Follow us

Bangladesh, China Embark on Renewable Energy Partnership

Kamran Reza Chowdhury
Dhaka
2019-08-27
Email story
Comment on this story
Share
A.M. Khurshed Alam (left), chief executive officer of the North-West Power Generation Co. Ltd., shakes hands with Ruan Guang, chairman of the China National Machinery Import & Export Corporation (CMC), after they signed a memorandum of understanding on implementing renewable energy projects in Bangladesh, at a ceremony in Dhaka, Aug. 27, 2019.
A.M. Khurshed Alam (left), chief executive officer of the North-West Power Generation Co. Ltd., shakes hands with Ruan Guang, chairman of the China National Machinery Import & Export Corporation (CMC), after they signed a memorandum of understanding on implementing renewable energy projects in Bangladesh, at a ceremony in Dhaka, Aug. 27, 2019.
[Kamran Reza Chowdhury/BenarNews]

China is moving aggressively into renewable energy partnerships in Bangladesh, where it already is a major investor in the coal-based power sector.

State-owned entities North-West Power Generation Co. Ltd. (NWPGCL) of Bangladesh and China National Machinery Import & Export Corporation (CMC) signed a memorandum of understanding in Dhaka on Tuesday to develop solar and wind power generated plants, officials said.  

“The Chinese have huge investments in Bangladesh’s power sector but this is the first time [they] have signed an MoU for implementing renewable power projects,” Saiful Hasan Chowdhury, spokesman for Bangladesh’s Power Development Board, told BenarNews.

NWPGCL, which comes under the board, and CMC will form a 50:50 joint venture company to implement the projects totaling 500 megawatts of renewable energy generation capacity, he said.

Chowdhury said the total cost of the projects would be determined when they are finalized but a report by PV Magazine, a trade-related publication, said “China will supply an estimated U.S. $500 million with the host nation freeing up land for the projects.”

The new Chinese investment in Bangladesh comes under Beijing’s One Belt One Road initiative that stretches to 70 countries. The initiative aims to build a 21st-century Silk Road by connecting the countries through networks of railways, bridges and ports, linking China with Africa, Europe and Southeast Asia.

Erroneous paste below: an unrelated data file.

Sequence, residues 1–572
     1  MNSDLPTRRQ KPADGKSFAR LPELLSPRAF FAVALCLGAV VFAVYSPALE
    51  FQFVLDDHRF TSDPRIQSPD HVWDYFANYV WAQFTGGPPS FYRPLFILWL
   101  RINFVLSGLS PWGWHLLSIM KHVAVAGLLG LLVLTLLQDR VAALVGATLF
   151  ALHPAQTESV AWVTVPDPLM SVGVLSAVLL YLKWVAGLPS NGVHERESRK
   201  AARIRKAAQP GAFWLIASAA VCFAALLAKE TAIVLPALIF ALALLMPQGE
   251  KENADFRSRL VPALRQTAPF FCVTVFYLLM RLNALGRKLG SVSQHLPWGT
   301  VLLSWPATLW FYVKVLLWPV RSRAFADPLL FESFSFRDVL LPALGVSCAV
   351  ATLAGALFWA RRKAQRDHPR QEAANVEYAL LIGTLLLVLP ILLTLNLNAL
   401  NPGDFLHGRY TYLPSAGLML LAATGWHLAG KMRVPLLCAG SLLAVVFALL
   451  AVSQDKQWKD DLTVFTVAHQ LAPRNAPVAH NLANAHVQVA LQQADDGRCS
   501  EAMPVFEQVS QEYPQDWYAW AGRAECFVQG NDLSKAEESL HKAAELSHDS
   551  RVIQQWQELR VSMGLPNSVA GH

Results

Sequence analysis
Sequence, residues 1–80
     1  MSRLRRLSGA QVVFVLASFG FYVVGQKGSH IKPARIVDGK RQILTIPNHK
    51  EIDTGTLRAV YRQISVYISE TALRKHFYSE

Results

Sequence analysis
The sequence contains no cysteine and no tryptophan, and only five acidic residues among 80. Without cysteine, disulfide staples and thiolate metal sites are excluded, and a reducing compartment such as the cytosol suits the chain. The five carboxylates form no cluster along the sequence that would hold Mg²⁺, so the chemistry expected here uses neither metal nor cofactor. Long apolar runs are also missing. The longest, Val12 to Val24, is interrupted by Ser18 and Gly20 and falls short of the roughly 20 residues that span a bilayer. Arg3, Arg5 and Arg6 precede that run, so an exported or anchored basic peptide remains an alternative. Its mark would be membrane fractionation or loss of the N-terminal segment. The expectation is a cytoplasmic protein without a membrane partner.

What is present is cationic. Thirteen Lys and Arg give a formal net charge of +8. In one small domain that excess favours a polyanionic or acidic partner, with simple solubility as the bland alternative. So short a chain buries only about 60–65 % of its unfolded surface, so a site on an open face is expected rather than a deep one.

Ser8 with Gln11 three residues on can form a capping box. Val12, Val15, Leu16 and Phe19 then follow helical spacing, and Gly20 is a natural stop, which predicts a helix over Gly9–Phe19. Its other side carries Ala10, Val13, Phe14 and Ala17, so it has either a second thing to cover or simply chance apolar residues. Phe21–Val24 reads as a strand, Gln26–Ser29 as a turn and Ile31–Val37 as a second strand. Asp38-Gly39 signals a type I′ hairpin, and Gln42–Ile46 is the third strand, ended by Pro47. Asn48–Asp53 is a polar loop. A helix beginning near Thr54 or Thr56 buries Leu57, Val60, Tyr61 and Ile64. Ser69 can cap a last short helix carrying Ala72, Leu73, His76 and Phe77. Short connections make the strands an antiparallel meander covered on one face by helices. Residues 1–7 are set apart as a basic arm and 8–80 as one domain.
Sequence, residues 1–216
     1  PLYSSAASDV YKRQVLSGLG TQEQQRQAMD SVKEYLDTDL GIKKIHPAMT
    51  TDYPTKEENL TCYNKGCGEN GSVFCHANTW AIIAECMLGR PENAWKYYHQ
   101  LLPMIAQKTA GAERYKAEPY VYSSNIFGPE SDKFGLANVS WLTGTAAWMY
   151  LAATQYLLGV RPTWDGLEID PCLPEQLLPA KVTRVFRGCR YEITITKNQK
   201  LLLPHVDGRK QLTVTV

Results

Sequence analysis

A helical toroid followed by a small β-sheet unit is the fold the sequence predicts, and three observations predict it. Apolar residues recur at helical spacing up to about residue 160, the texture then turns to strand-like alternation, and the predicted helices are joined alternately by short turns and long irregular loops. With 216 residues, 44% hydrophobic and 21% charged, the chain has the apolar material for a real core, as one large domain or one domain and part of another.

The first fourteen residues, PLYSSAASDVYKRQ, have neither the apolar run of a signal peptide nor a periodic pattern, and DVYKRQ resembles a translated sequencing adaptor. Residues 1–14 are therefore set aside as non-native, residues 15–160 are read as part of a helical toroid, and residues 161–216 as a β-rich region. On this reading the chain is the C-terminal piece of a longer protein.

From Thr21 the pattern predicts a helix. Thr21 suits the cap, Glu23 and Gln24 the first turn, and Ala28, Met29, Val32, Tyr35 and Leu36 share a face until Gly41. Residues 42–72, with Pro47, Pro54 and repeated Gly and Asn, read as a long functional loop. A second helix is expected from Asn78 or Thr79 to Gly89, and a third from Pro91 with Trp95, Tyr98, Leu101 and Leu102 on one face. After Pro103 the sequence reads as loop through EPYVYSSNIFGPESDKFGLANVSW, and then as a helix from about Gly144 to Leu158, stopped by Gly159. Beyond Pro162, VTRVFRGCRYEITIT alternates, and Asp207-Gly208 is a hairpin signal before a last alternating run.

Some view the initiative as a vehicle to spread Chinese influence abroad through non-transparent projects, which could saddle economies with unsustainable debt.

CMC and NWPGCL have partnered since 2014 to implement coal-powered power plants, one of which was at the center of controversy after a fight between Chinese and Bangladeshi workers at the project site some 329 km (206 miles) south of Dhaka.

The violence at the construction site of the partly-built, Chinese funded Payra plant, which employs about 7,000 Bangladeshis and 2,700 Chinese, broke out after a Bangladeshi worker fell to his death from a terrace. Rumors spread that he was pushed by a Chinese national.

One of the renewable energy projects – a wind powered plant – will be sited near the coal-powered Payra plant.

“According to our renewable energy policy, we will produce 10 percent of our total power demand from renewable sources. So, we need to enhance production of renewable energy sources,” Chowdhury said.

Less than one percent of electricity in Bangladesh comes from renewable energy sources,
Professor M. Tamim, an energy specialist and former government adviser, told BenarNews.

“One of the problems of renewable energy is that we are a land hungry country. Renewable energy needs huge space,” he said.

Since 2016, China has massively expanded its investment in Bangladesh – from U.S. $61 million in 2016 to U.S. $1.03 billion in 2018, according to official government figures.

During a visit by Prime Minister Sheikh Hasina to Beijing in July, Bangladesh and China inked several agreements including one that relates to China’s extension of loans worth U.S. $1.7 billion for Bangladesh’s power sector, reports had said.

View Full Site